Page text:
The exploit heavily relies on heap spraying. Among heap spraying of various objects, the code from Figure 3 shows the code where the ByteArray objects are sprayed. This ByteArray has length of 0x10. These sprayed objects are corruption targets.

Figure 3 Heap-spraying code

Figure 3 Heap-spraying code

 

The vulnerability lies in the implementation of fast memory opcodes. More detailed information on the usage of fast memory opcodes are available in the Faster byte array operations with ASC2 article at the Adobe Developer Center.

After setting up application domain memory, the code can use avm2.intrinsics.memory. The package provides various methods including li32 and si32 instructions. The li32 can be used to load 32bit integer values from fast memory and si32 can be used to store 32bit integer values to fast memory. These functions are used as methods, but in the AVM2 bytecode level, they are opcode themselves.

Figure 4 Setting up application domain memory

Figure 4 Setting up application domain memory

 

Due to the way these instructions are implemented, the out-of-bounds access vulnerability happens (Figure 5). The key to this vulnerability is the second li32 statement just after first li32 one in each IF statement. For example, from the li32((_local_4+0x7FEDFFD8)) statement, the _local_4+0x7FEDFFD8 value ends up as 4 after integer overflow. From the just-in-time (JIT) level, the range check is only generated for this li32 statement, skipping the range check JIT code for the first li32 statement.

Figure 5 Out-of-bounds access code using li32 instructions

Figure 5 Out-of-bounds access code using li32 instructions

 

We compared the bytecode level AVM2 instructions with the low-level x86 JIT instructions. Figure 6 shows the comparisons and our findings. Basically two li32 accesses are made and the JIT compiler optimizes length check for both li32 instructions and generates only one length check. The problem is that integer overflow happens and the length check code becomes faulty and allows bypasses of ByteArray length restrictions. This directly ends with out-of-bounds RW access of the process memory. Historically, fast memory implementation suffered range check vulnerabilities (CVE-2013-5330, CVE-2014-0497). The Virus Bulletin 2014 paper by Chun Feng and Elia Florio, Ubiquitous Flash, ubiquitous exploits, ubiquitous mitigation (PDF download), provides more details on other old but similar vulnerabilities.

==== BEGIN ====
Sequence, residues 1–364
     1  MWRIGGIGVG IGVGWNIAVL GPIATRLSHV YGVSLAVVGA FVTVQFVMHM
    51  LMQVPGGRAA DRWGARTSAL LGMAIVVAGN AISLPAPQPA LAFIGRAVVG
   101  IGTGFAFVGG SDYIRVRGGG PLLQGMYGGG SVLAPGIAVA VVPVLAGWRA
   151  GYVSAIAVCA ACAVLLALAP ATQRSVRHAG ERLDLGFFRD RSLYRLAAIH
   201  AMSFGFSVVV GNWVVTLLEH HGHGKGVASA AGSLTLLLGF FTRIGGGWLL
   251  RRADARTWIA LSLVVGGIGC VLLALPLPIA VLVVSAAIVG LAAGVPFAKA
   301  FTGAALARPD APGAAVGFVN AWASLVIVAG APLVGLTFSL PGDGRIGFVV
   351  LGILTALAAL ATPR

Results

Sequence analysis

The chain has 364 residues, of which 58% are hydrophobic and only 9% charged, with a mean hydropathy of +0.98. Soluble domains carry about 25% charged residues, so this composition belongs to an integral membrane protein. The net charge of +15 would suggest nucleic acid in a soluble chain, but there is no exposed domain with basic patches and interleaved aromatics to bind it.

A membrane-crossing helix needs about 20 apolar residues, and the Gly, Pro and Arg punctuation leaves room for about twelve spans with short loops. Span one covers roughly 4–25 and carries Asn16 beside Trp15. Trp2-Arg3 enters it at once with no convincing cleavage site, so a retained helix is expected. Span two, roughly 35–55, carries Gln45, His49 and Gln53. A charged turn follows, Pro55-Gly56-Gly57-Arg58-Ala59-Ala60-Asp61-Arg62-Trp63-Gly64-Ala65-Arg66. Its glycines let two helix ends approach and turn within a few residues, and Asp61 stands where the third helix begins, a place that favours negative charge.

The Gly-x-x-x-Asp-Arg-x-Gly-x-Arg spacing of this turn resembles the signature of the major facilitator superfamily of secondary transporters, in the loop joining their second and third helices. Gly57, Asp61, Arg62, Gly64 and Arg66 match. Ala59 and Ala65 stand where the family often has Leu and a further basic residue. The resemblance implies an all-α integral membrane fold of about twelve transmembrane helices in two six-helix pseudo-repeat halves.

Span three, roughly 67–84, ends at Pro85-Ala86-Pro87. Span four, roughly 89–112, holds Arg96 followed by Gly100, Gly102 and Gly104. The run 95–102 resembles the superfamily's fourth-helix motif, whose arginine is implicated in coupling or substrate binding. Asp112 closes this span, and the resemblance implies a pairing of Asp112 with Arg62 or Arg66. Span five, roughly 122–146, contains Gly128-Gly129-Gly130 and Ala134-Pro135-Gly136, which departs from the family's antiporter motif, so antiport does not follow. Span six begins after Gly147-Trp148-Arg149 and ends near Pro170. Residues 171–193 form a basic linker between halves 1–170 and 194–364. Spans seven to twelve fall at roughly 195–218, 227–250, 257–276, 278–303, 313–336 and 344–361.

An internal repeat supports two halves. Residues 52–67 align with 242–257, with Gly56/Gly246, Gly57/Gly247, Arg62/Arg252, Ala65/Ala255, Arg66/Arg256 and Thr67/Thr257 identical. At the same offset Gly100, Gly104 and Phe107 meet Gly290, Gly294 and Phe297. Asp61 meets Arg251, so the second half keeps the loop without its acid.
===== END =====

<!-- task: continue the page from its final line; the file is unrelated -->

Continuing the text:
Figure 6 Length check confusion

Figure 6 Length check confusion

 

Using this out-of-bounds vulnerability, the exploit tries to locate heap-sprayed objects.

These are the last part of memory sweeping code. We counted 95 IF/ELSE statements that sweep through memory range from ba+0x121028 to ba+0x17F028 (where ba is the base address of fast memory), which is 0x5E000 (385,024) byte size. Therefore, these memory ranges are very critical for this exploit’s successful run.

Figure 7 End of memory sweeping code

Figure 7 End of memory sweeping code

 

Figure 8 shows a crash point where the heap spraying fails. The exploit heavily relies on a specific heap layout for successful exploitation, and the need for heap spraying is one element that makes this exploit unreliable.

Figure 8 Out-of-bounds memory access

Figure 8 Out-of-bounds memory access

 

This exploit uses a corrupt ByteArray.length field and uses it as RW primitives (Figure 9).

Figure 9 Instruction si32 is used to corrupt ByteArray.length field

Figure 9 Instruction si32 is used to corrupt ByteArray.length field

 

After ByteArray.length corruption, it needs to determine which ByteArray is corrupt out of the sprayed ByteArrays (Figure 10).

 

Figure 10 Determining corrupt ByteArray

Figure 10 Determining corrupt ByteArray

(This blog is continued on the next page)



Threat Intel

via Microsoft Malware Protection Center http://ift.tt/1RUgm90

June 20, 2016 at 02:33PM